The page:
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PINE RIDGE INDIAN RESERVATION
“It is our belief that our ancestors came into this world through an opening of what is now known as the wind cave of our sacred Black Hills. After my experience of going underground, I feel as if I have just been reborn,”
stated President John Yellow Bird Steele as he emerged from the depths of the Sanford Underground Research Facility at Lead, South Dakota.
Tribal Chairmen & South Dakota Governor Emerge from the Wind Cave
President Yellow Bird Steele of the Oglala Sioux Tribe was one of five Tribal Chairman who accepted the invitation extended by South Dakota Governor Dennis Daugaard to tour the facility on Friday, October 12 and to learn of the plans that are underway for the Sanford Center for Science Education on the surface campus which could include tribal colleges to enhance careers in science and engineering.
Visiting Tribal Chairmen included: President John Yellow Bird Steele, Oglala Sioux Tribe; Chairman Brandon Sazue, Crow Creek Sioux Tribe; Chairman Robert Shephard, Sisseton Sioux Tribe; and Chairman Tony Reider, Santee Sioux Tribe.
Governor Daugaard was personally involved in the tour and very receptive to the tribal chairmen in ensuring that their visit to the research facility was well received. Scientists involved in the first two major physics experiments installed during 2012, talked with the Tribal Chairmen about these experiments which are the Large Underground Xenon experiment and the Majorana Demonstrator experiment.
According to a handout distributed to the tribal chairman, the Large Underground Xenon experiment "aims to become the world's most sensitive detector to look for a mysterious substance called dark matter. Thought to comprise 80 percent of all the matter in the universe, dark matter remains undetected so far. The Majorana Demonstrator experiment will be installed nearby in a large new hall called the Transition Area. Majorana will search for an extremely rare form of radioactive decay-neutrinoless double-beta decay. This experiment will help determine whether neutrinos are their own anti-particles, a discovery that could help physicists better understand how the universe evolved."
Neutrinos are said to be "ghostlike, speedy, and nearly impossible to detect there are a lot of them, 62 billion pass through your finger, every second they come from suns and we can make them as they are also generated by fission in nuclear power plants and by particle accelerators. They pass harmlessly through practically everything, including Earth. They are almost impossible to detect, therefore extreme isolation is essential to catch the signal caused by rare collisions of neutrinos with atoms. Sensors have to be buried deep underground, underwater, or under Antarctic ice." Neutrinos travel fast, at or close to the speed of light.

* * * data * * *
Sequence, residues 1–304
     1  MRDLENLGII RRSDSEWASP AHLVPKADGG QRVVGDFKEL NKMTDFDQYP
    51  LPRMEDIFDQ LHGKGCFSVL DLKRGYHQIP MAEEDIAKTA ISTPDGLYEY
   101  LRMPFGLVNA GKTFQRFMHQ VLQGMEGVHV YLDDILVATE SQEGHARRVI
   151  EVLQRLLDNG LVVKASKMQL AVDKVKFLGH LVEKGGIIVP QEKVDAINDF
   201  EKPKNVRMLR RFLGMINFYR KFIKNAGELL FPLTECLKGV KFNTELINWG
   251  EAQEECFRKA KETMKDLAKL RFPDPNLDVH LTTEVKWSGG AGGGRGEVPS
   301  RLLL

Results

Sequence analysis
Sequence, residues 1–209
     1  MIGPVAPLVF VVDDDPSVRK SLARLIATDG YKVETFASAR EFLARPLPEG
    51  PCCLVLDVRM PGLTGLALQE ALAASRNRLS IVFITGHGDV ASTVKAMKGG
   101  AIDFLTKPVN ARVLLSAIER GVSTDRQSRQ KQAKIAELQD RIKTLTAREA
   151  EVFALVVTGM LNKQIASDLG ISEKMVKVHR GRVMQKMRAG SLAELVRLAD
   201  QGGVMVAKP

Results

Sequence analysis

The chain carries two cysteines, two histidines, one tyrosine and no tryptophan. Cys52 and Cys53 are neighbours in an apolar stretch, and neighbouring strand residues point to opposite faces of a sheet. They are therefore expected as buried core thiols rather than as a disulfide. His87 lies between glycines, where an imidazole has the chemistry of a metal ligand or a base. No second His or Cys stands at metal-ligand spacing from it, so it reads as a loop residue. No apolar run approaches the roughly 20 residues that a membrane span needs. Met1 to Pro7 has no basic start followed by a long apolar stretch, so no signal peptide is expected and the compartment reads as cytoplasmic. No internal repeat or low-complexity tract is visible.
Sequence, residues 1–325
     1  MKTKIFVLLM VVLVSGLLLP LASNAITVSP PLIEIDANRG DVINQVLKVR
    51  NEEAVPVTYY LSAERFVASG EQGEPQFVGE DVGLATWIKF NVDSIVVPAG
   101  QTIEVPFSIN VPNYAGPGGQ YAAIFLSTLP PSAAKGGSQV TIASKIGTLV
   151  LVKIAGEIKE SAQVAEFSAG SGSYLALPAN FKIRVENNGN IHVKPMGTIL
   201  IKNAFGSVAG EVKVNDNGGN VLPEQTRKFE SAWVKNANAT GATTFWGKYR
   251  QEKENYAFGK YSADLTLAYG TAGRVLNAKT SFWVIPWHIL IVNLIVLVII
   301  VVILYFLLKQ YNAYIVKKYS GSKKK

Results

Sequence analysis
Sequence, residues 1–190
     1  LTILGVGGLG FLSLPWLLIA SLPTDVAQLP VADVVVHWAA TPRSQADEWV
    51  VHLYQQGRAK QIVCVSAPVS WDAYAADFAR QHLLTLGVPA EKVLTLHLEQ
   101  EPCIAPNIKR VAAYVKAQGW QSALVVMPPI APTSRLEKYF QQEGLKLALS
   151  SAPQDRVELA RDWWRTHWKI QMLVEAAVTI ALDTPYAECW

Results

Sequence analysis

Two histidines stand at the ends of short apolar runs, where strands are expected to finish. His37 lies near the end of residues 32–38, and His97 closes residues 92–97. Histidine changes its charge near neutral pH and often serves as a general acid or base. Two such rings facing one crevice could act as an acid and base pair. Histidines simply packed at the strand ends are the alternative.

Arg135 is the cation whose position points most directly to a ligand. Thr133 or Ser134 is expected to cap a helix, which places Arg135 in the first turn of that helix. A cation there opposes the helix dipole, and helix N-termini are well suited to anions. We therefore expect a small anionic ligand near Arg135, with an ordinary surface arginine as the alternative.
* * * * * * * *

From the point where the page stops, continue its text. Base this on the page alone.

The Sanford Underground Research Facility is located approximately 4,850 feet underground, in what was once the Homestake gold mine in Lead, South Dakota. The mine is 8,000 feet deep, with over 300 miles of tunnels. Homestake Mining Co. sealed the mine shut in 2003 and it slowly began filling with water. In 2004, the South Dakota Legislature created the South Dakota Science and Technology Authority to work with the scientists proposing the lab. In 2006, Homestake Mining Co. donated the underground mine to the South Dakota Science and Technology Authority.
In 2007, the National Science Foundation selected Homestake as the preferred site for a proposed Deep Underground Science and Engineering Lab. The National Science Foundation also funded a team of scientists and engineers to design a large, multi-level national underground laboratory at Homestake.
Homestake's selection also paved the way for the South Dakota Science and Technology Authority to begin reopening the mine and pumping water out - funded by a $10 million HUD grant, $40 million from the state Legislature and a $70 million contribution from philanthropist T. Denny Sanford. The South Dakota Science and Technology Authority's plan was to reopen Homestake to the 4,850 foot level as the Sanford Underground Laboratory. In December 2010, the project hit an unexpected snag. The National Science Foundation decided not to fund Deep Underground Science and Engineering Lab beyond the preliminary design phase. However, the Department of Energy also was considering major physics experiments at Homestake.
In July 2011, the Department of Energy agreed to fund operations at the Sanford Underground Laboratory during fiscal year 2012, which weigh in on how to use Homestake's great depth for larger, long-term experiments. With the National Science Foundation-led Deep Underground Science and Engineering Lab proposal stalled but with the Sanford Lab ready for science at the 4,850 foot level, the project, headed by Dr. Lesko, has become the Sanford Underground Research Facility or SURF at Homestake.
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posted October 20, 2012 6:59 am edt